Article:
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A look into data, data collection, and what we can do to protect our data online
In this new, digital world, it's safe to say almost all of us have endless amounts of data on ourselves on the internet. Some of it is related to ad data, other is social media information, and some of it is straight-up information that has been hacked as part of a data breach.
A lot of this data ends up getting scooped up and sold by data brokers. The data can be used for a variety of things, from ad targeting and doxxing to phishing and identity theft.
Trying to delete the data yourself is almost (if not totally) impossible. Luckily, there are companies out there now that can help with that, both on the personal and professional levels.
I had the chance to interview Rob Shavell of DeleteMe, to discuss what it is they do, what is going on with our data, and what we can do about it. You can read the full interview below.
Care to introduce yourself and your role with DeleteMe?
I’m Rob Shavell, the Co-Founder and CEO of DeleteMe. My basic job is to help hiring and supporting great people dedicated to protecting people’s privacy online.
I also keep up with changing laws and regulations that support consumers getting back control over their data - and even chat with journalists now and then.
In just a few sentences, what is DeleteMe?
DeleteMe is a simple service where all someone has to do is sign up and our privacy experts get to work finding and removing personal information from Google and currently over 30 of the top data brokers that collect and sell personal information. We help our customers take back control of the personal information that’s out there about them and their families online.
That information comes from a lot of sources, ranging from ones you can control (social media and ecommerce sites, for example) to ones you can’t (like public records like real estate and court documents).
Then, over time, sketchy websites - the kinds of weird spammy aggregators - we call them “Data Brokers” - that come up when you type your name into a search engine - gather all that up and sell it to anyone who’s interested, with results ranging from annoying to dangerous. DeleteMe helps you get your information off of those sites.
What inspired the creation of the company?
DeleteMe was actually inspired by another product offered by our parent company, Abine. The product, called Blur, lets you surf and shop anonymously by using alias credentials.
People loved it, but for some users, the cat was already out of the bag, so to speak. Blur helps anyone keep their personal info private by not giving it out. But what about the information that was already out there, before they started using Blur?
So, because our customers asked for it, we created DeleteMe.
How does the process work? How are you able to scrape various sources to remove sensitive data? Is it all done by programs, or do you have real people also working on it?
These data broker / “people search” sites purposefully make it difficult to remove information from them - they make money by scraping, buying, and selling your data, so they make the process cumbersome to take control of your own data.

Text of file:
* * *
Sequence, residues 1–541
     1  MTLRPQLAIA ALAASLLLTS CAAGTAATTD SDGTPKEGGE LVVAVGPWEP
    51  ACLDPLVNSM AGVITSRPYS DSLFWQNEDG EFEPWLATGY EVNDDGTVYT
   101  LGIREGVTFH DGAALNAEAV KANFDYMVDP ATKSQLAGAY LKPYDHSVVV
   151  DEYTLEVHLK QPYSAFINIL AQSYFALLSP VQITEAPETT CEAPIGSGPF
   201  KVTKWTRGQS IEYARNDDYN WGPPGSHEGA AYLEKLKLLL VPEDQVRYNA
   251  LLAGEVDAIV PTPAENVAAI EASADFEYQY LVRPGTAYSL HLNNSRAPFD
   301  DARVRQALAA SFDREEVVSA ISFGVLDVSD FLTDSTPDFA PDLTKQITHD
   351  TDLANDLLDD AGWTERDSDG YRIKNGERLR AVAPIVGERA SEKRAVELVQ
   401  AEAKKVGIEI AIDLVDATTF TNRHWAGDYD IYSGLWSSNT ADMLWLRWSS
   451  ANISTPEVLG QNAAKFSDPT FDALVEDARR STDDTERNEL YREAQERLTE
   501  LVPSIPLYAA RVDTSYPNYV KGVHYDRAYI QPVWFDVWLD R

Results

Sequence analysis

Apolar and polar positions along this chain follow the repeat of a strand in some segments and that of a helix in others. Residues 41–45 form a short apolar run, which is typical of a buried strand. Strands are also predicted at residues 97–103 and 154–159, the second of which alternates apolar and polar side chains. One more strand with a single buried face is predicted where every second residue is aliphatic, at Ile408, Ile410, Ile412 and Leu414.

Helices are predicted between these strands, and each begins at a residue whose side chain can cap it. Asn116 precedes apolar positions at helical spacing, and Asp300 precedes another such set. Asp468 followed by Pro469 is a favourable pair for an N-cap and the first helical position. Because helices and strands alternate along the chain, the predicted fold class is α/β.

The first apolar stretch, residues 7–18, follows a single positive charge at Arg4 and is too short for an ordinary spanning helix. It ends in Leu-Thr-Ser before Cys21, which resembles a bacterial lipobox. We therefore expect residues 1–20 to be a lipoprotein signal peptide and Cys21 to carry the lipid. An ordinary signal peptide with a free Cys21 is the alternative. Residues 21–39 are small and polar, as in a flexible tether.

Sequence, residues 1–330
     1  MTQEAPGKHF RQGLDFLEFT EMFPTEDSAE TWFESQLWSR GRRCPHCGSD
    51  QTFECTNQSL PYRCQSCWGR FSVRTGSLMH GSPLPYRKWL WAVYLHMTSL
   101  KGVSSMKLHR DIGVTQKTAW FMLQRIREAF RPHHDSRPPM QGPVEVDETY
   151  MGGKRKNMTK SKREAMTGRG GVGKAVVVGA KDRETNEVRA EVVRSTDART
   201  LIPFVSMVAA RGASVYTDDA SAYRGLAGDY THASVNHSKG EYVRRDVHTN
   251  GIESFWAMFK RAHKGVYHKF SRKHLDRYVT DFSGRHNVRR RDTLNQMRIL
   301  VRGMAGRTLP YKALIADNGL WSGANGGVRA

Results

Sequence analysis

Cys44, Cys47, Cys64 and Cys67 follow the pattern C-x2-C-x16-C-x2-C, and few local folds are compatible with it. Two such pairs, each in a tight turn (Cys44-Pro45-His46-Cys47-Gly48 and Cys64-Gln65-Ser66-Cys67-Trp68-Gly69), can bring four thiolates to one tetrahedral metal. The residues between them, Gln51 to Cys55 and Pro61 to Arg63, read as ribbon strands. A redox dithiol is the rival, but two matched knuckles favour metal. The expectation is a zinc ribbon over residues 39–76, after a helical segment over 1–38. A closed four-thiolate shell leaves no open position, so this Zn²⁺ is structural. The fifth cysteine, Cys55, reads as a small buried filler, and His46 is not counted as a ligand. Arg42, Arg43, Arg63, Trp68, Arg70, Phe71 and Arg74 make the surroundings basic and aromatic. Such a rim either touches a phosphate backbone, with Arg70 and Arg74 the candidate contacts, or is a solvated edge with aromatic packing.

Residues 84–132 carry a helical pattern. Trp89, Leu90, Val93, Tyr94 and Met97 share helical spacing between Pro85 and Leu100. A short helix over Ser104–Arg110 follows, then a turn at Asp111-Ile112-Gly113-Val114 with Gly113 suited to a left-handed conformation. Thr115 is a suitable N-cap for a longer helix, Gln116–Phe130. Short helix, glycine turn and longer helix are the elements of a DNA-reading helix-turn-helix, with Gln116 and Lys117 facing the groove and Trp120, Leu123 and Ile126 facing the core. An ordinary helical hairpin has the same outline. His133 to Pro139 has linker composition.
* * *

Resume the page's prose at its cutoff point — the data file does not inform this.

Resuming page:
As a result, we have to use a combination of technology and hands-on work by our privacy experts to make them comply with our requests. We’re helped somewhat by local and federal regulations, but - at least today in most places - collecting and selling consumers personal info isn’t technically illegal, so our experts have to comply with each site’s processes and rules for opting-out or “taking our customers’ information off their site.”
If anyone wants to try this themselves instead of paying for DeleteMe, we encourage it. We actually publish all the opt-out processes for every data broker on our site and encourage anyone who wants to do it themselves, for free.
In addition to individuals, you also offer business plans right? How do those work
That’s correct - we already serve more than half of the Fortune 50. In addition to individuals who value their privacy, a lot of institutions are realizing the value of protecting executive and employee privacy, too.
You can probably think of a lot of reasons why companies, schools, police departments, political campaigns, and so on want to protect the people who work for and with them. Having a bunch of personal information out there can lead to phishing, stalking, doxxing, spamming, robocalls, identity theft, and more - we want to help curtail that.
Do you have any tips for people on how to protect their online identity?
The low-hanging fruit is always stuff you post voluntarily, usually on social media. Unfortunately, though, some of your personal information is a matter of public record - voting rolls, legal and business documents, etc.
The best way to protect yourself from the effects of your information being out there is to take it out of the hands of these aggregators, either with a service like ours or by doing it yourself.
To the latter point, we have a DIY guide for getting your information offline - doing something similar to what we do - although it takes real effort to do it yourself, it’s not technically hard. So, do it yourself or if you want to save time, the privacy experts at DeleteMe can do that work for you.
Anything you'd like to close with?
There’s a lot of exciting new legislation being proposed in almost every state in the country slated for voting on soon, in 2019 and 2020. We see a groundswell of support by politicians and citizens to make it easier to take back control of personal information. This is good news and will help everyone get more privacy online.
I'd like to thank Rob for taking the time to answer some of my questions.
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